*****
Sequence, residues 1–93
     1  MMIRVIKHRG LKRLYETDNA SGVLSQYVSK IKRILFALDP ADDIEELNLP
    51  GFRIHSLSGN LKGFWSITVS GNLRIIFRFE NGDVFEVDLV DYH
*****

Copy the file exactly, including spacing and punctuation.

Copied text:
Sequence, residues 1–93
     1  MMIRVIKHRG LKRLYETDNA SGVLSQYVSK IKRILFALDP ADDIEELNLP
    51  GFRIHSLSGN LKGFWSITVS GNLRIIFRFE NGDVFEVDLV DYH